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i5-2500K OC Questions

post #1 of 17
Thread Starter 
Hello All!

I am fairly new to overclocking, and just have a few questions. First of all, I achieved a stable overclock of 4.5GHz using the settings listed below, but I was wondering if there's another way to set the voltages either using offset or manual mode. The reason is, I followed several guides to set these settings, and am not sure if they are the best for overclocking. Also, when the system idles, the frequency and voltage never decreases. I know that it's supposed to be 1.6GHz @ 1.0v when idling, but my computer is always 4.5GHz @ 1.336v. Another thing, when playing games and running other CPU-intensive software, the voltage decreases to 1.296v, and sometimes causes a BSOD. The only BSOD error code I get is 0x124, which means too little Vcore. Can someone help me out and let me know what settings I have that are incorrect/not optimized for the overclock I have applied? I have a good aftermarket air cooler, so the temps are 24C when idle and ~50C when under load.

Thanks all!

Hardware:
ASUS P8P67 PRO (Rev. 3.0)
Core i5-2500K
Corsair Vengeance RAM (16GB, 4x4, 9-9-9-24 2T)
GTX 580

UEFI BIOS Settings:
Ai Tweaker
Ai Overclock Tuner: Manual
BLCK/PCIE Frequency: 100.0
Turbo Ratio: By All Cores
By All Cores: 45
Internal PLL Voltage: Enabled
Memory Frequency: DDR3-1600MHz
DRAM Timing Control: use the rated timings
EPU Power Saving MODE: Disabled

Ai Tweaker\ CPU Power Management >
CPU Ratio: Auto
Enhanced Intel SpeedStep Technology: Enabled
Turbo Mode: Enabled
Long Duration Power Limit: Auto
Long Duration Maintained: Auto
Short Duration Power Limit: Auto
Additional Turbo Voltage: Auto
Primary Plane Current Limit: Auto

Ai Tweaker (in the DIGI+ VRM section)
Load-Line Calibration: Auto
VRM Frequency: Manual -> 350
VRM Spread Spectrum: N/A
Phase Control: Extreme
Duty Control: Extreme
CPU Current Capability: 110%
CPU Voltage: Offset
CPU Offset Sign: -
CPU Offset Voltage: 0.015
DRAM Voltage: 1.50
VCCIO Voltage: Auto
CPU PLL Voltage: 1.8
PCH Voltage: Auto
CPU Spread Spectrum: Auto

Advanced\ CPU Configuration >
CPU Ratio: 45
Intel Adaptive Thermal Monitor: Enabled
Active Processor Cores: All
Limit CPUID Maximum: Disabled
Execute Disable Bit: Enabled
Intel Virtualization Technology: Disabled
Enhanced Intel SpeedStep Technology: Enabled
Turbo Mode: Enabled
CPU C1E: Auto
CPU C3 Report: Auto
CPU C6 Report: Auto
post #2 of 17
Bumping ancient thread because I too would like some of this info. My 2500k is at all stock settings except 40 for multiplier instead of 33, and I have good cooling as well (Idles 29-31C), load 45-50C. I would like to push to 4.5 but not at the expensive of possible instability and 0x124s!
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post #3 of 17
Try setting the LLC from auto to ultra high or extreme +.0115 should be enough voltage for 4.5 on a higher LLC setting. LLC will help eliminate the voltage drop to the CPU.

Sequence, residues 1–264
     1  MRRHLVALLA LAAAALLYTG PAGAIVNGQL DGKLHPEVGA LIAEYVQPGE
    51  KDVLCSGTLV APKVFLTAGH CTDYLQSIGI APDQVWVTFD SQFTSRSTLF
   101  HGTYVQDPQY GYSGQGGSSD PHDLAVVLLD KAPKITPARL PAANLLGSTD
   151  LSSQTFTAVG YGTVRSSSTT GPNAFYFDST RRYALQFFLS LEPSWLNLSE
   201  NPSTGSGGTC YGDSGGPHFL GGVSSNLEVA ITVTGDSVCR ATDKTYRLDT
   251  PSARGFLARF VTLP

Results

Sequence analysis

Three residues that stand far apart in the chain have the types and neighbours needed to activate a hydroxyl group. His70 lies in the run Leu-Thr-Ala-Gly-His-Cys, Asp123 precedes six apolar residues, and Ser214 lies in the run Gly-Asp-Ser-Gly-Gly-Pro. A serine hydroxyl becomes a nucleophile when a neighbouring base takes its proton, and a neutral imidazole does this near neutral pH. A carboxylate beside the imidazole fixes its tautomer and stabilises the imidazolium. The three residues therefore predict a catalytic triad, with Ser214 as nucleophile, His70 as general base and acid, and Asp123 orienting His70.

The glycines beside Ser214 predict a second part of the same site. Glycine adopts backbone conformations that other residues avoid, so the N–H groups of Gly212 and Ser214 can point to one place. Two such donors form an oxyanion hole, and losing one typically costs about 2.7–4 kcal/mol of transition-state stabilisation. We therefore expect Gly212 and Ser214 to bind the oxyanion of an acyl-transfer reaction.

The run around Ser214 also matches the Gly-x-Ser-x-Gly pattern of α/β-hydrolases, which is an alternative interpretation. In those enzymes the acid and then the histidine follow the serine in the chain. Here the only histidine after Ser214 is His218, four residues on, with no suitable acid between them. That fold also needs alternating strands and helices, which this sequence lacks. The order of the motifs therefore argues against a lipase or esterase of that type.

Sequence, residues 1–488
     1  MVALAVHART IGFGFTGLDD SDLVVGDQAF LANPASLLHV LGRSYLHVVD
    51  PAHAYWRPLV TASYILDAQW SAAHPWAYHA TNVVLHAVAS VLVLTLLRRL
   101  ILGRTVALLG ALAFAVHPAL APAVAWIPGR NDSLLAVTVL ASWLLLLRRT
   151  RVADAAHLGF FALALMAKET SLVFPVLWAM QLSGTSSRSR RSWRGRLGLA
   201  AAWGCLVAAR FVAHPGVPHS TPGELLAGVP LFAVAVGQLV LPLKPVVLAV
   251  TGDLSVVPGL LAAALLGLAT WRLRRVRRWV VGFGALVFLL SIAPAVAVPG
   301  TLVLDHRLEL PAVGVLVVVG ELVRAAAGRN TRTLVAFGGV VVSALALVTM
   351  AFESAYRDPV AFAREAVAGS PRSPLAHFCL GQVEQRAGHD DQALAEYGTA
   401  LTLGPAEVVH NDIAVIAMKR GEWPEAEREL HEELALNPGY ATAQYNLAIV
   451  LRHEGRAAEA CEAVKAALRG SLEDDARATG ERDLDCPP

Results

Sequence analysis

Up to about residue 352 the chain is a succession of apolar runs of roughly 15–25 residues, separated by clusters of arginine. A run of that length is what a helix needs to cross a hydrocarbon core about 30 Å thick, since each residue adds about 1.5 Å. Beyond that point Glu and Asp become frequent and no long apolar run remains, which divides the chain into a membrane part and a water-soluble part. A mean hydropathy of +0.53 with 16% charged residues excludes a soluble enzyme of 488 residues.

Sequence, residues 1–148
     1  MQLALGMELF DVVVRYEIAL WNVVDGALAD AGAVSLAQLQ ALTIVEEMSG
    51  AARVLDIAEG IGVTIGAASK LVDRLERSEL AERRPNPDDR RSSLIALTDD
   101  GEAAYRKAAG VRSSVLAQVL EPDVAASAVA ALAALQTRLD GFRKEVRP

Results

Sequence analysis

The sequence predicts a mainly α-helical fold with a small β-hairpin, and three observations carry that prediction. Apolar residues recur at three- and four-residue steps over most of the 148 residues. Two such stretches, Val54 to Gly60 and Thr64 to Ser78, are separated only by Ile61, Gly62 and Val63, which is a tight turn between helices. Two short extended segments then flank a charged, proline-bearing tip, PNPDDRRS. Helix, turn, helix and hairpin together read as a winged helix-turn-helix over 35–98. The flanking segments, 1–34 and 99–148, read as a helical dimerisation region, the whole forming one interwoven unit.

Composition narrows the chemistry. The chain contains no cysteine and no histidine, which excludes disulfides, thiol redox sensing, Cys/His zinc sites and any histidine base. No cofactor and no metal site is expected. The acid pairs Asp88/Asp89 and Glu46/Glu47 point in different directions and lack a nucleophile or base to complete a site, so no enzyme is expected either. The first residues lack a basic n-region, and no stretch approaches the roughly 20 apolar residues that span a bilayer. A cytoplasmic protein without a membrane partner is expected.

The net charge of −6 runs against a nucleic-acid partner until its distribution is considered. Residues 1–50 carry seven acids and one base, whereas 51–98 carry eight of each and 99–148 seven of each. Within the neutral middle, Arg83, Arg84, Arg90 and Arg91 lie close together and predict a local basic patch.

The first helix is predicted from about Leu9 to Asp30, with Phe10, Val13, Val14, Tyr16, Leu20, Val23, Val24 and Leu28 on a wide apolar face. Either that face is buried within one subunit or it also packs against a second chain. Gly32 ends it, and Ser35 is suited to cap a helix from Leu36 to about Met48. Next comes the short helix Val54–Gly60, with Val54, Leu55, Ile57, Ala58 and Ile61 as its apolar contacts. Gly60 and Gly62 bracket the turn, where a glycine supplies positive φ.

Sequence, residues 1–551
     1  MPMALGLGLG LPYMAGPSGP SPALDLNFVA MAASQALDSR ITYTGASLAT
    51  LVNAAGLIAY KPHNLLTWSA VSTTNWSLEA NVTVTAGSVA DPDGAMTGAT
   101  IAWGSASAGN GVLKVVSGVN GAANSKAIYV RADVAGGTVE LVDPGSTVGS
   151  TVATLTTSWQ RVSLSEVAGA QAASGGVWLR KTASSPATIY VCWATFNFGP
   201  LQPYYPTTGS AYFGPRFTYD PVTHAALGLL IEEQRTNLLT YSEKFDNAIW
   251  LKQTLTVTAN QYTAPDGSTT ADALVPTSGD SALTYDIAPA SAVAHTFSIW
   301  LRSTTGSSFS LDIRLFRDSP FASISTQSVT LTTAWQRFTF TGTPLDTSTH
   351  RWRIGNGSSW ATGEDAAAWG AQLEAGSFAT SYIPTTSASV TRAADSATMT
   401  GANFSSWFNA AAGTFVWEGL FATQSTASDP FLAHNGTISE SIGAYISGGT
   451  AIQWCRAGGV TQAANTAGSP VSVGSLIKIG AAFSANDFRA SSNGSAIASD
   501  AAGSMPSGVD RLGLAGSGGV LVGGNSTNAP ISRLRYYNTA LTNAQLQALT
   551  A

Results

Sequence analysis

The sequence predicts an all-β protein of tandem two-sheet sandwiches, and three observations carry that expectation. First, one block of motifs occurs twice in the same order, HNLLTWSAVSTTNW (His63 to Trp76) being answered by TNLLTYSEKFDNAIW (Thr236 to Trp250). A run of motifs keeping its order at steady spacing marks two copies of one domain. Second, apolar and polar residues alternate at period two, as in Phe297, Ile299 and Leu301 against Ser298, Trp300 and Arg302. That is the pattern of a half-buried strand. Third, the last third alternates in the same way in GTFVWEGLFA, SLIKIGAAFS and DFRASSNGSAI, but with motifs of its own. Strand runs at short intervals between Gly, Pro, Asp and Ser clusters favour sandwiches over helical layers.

Edit: LLC stands for Load Line Calibration, also turn off C3 and C6 power states in the CPU configuration they cause instability when using offset voltage. You can enable C1E to help keep the processor from drawing more power and making more heat while idling.

Edit 2: Turn off spread spectrum too.
Edited by Aesir - 1/11/12 at 8:32am
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post #4 of 17
Will do when I get home from work. Thanks.
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post #5 of 17
Quote:
Originally Posted by KraziKarl View Post

Will do when I get home from work. Thanks.

Alright but the LLC on your Asrock motherboard I think the equivalent to extreme is level 1 and 5 is lowest. I think 4.5 GHz can be had somewhere ~1.35 or below, but my processor has never seen less than 4.9 GHz unless it's idling. Offset is a bit tricky because on ultra high mine needs +.08 but on extreme it's way less, so you have to check to see where you land on the vcore in cpu-z. Just take it slow, maybe 3 voltage steps at a time and with offset .0xx the x's are what you should add .9 volts would get you into the 2+ volt range.
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post #6 of 17
foruman, you can set the following, leave everything else at auto and see if its good to go:
turn off turbo
llc high
vrm freq auto
vrm spread spec enable/auto
phase control optimized optimized
cpu offset +
offset voltage .015
pll auto

if you bsod/restart/other crashing: turn off c3 and c6 report before you add more vcore

follow munaim's guide. it works.
you can get 4.5 with nothing but a multi change and a small bump in vcore offset under normal circumstances
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post #7 of 17
Thread Starter 
Quote:
Originally Posted by Aesir View Post

Try setting the LLC from auto to ultra high or extreme +.0115 should be enough voltage for 4.5 on a higher LLC setting. LLC will help eliminate the voltage drop to the CPU.
Edit: LLC stands for Load Line Calibration, also turn off C3 and C6 power states in the CPU configuration they cause instability when using offset voltage. You can enable C1E to help keep the processor from drawing more power and making more heat while idling.